I did it! I passed the level 2 Sommelier Certification through the Court of Master Sommeliers program.

Five years of absorbing the knowledge of the geniuses that I work with (hopefully they are not reading this – swollen egos don’t fit through the door at the shop;) Endless summer evenings doing blind tastings with my wine geek buddies and my sweet husband who didn’t seem to mind opening a new bottle every other night – ha!; Advice from my fellow sommelier friends on what to focus on and the do’s and dont’s for the service portion of the exam.

On August 6th, 2011… I walked through the doors of banquet hall C at the Mandarin Oriental Hotel in DC. I blind tasted, and felt that I aced it. I took the written portion of the exam, and felt even more confident. The 3rd part of the exam was the part that I was most nervous about… the service portion. I was going to be tested on either champagne service for the table, or aged red wine service. What I hadn’t prepared myself for were the slew of questions that my appointed master sommelier was going to ask. Ms Morgan was kind and very patient. It took no time for me to warm up to her and before I knew it, I felt as comfortable at that stage of my exam as I do on the sales floor at the shop – describing my favorite wines and what they pair best with. I know that I made a couple minor mistakes during the champagne service (she threw me off when she asked for 8 glasses to be poured when only 4 were at the table, and requested that she didn’t need to see the bottle nor did she need to taste….)  But she specifically met with me afterwards, handed me my certificate, and congratulated me on a very impressive performance throughout. I personally feel though that I need to practice all levels of service before I go for my third level of certification (Advanced Sommelier.) Maybe in a few years.

I can’t remember the last time I studied this hard for something. College, probably. Normally, I cringe at the thought of applauding myself – especially in my own blog. But I am damn proud, so here it goes….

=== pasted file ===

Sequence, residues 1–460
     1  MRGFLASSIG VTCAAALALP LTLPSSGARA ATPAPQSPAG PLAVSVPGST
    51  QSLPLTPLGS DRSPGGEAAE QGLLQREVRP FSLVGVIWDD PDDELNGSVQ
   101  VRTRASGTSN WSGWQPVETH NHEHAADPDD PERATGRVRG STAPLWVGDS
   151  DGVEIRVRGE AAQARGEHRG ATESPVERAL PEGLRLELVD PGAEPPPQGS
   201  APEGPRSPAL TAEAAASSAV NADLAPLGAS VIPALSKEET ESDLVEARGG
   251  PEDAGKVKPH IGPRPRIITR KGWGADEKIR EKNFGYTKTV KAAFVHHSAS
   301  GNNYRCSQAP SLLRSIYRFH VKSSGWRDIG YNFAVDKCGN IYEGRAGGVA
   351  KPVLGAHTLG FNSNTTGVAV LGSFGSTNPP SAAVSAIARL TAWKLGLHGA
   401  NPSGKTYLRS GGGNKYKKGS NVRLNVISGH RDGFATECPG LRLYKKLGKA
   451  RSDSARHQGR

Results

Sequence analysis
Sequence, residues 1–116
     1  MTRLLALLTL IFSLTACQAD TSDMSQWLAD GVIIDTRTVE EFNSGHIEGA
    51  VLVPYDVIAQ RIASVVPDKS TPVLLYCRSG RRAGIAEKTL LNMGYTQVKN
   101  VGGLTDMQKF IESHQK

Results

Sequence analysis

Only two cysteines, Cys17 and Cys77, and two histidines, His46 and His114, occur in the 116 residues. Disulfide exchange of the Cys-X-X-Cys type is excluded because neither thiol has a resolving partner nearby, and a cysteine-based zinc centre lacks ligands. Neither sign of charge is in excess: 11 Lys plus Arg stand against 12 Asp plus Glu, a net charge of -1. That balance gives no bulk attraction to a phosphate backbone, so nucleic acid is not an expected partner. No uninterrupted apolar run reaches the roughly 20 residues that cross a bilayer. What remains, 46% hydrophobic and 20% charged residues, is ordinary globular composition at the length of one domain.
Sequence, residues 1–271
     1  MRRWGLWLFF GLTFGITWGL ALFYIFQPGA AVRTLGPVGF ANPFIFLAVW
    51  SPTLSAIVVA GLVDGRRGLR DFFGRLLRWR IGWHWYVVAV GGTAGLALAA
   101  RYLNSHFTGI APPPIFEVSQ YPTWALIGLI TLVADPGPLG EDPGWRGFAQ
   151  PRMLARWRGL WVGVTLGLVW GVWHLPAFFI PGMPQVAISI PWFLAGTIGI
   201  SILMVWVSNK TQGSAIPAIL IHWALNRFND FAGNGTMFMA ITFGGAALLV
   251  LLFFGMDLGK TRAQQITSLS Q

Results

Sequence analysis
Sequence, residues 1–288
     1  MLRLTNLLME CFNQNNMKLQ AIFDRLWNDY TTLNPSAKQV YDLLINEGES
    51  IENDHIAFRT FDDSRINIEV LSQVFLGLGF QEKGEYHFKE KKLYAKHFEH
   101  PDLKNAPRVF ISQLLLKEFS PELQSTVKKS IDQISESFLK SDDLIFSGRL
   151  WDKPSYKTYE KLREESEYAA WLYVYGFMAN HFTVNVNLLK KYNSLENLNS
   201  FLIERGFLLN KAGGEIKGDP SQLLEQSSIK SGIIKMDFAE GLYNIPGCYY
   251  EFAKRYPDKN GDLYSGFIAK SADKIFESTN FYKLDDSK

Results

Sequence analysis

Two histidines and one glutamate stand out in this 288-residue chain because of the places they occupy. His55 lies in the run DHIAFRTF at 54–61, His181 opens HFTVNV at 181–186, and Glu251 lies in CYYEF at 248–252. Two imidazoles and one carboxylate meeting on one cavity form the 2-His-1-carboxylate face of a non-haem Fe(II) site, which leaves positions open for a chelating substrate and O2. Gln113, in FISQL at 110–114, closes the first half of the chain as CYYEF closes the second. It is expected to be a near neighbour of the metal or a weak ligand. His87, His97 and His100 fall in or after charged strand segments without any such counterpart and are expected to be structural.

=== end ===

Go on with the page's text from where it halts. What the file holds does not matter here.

“Kheema” and Chenin Blanc

I don’t know if it was the fresh picked jersey tomatoes, the incredibly aromatic home-grown herbs, or the cook’s loyalty to the recipe that made this meal a bit more multi-dimensional than usual…. but this was the best “Kheema” I’ve had in a long time, and the perfect pairing to go alongside. Kheema is something that my kids call “Indian Sloppy Joes” or “Indian style Chili.” It’s usually some sort of finely chopped or ground meat cooked with a bunch of aromatic spices and vegetables, served usually with naan. I had to blog about my meal, because last week, Manish made the most INCREDIBLE Kheema I’ve ever tasted.

Yes, that’s right… I said Manish. He actually taught me how to cook years ago, but claims that he “forgot” ever since I’ve honed my skills. Well, he was the one that was cooking this time. And, instead of what I call the “Indian mom technique” of estimating the ingredients and never jotting them down so as to remember how to make it the exact same way over and over again (the way my moms cook and the way that I often cook,) he followed a recipe to the TEE. The resulting dish had depth, such flavor, and such vibrancy. I can credit the seasonal produce to a certain degree, but let’s face it… Manish deserves a lot of the credit! His finesse and loyalty to adhere to the recipe was much appreciated 🙂 My lesson learned: some things are better left un-touched (ie don’t mess with a good recipe!) Here it is!

Kheema Matar (Chopped Meat and Peas) from the late Ismail Merchant’s Passionate Meals

3 tablespoons vegetable oil
1 large onion, quartered and sliced
4 garlic cloves, peeled and chopped fine
1 tablespoon fresh ginger, peeled and grated
2 teaspoons garam masala
1 1/2 teaspoons salt
1/2 teaspoon ground cayenne pepper
1/4 teaspoon turmeric
1 cinnamon stick
2 cardamom pods, slightly crushed
1 1/2 lbs meat (I have used ground chicken or ground turkey OR I have chopped the meat very fine – you can alternatively use beef or lamb but the cooking times will increase slightly so as to cook the meat through thoroughly)
2 tablespoons plain yogurt
3 medium tomatoes, finely chopped
1 cup green peas (preferably fresh but if frozen, thawed)
handful of fresh cilantro leaves for garnish

Heat the oil in a saute’ pan and cook the onion until golden brown. Add the garlic, ginger, garam masala, salt, cayenne, turmeric, cinnamon stick, and cardamom pods. Cook all the spices with the onions for about 5 minutes over a low flame. Add the meat, stirring occasionally until it starts to brown. Add the yogurt and cook for another 10 minutes.  Now add the tomatoes and peas. Cover the saute’ pan  and simmer for another 7-15 minutes. That is a large span, but the lower end is for chicken, higher end for lamb/beef. Serve garnished with coriander and with naan.

This is where the wine is made

I had the 2010 Les Grands Caves Saint Roch Vouvray with this meal. Such a perfect pairing! Vibrant stone fruits and amazing minerality keep this wine perfectly balanced. A touch of ripeness paired perfectly with the heat of the Kheema. As you may have noticed, I am a self proclaimed Chenin Blanc fanatic…. so this is a keeper for me – and such a steal at $16.50 a bottle when it’s available at 56 Degree Wine!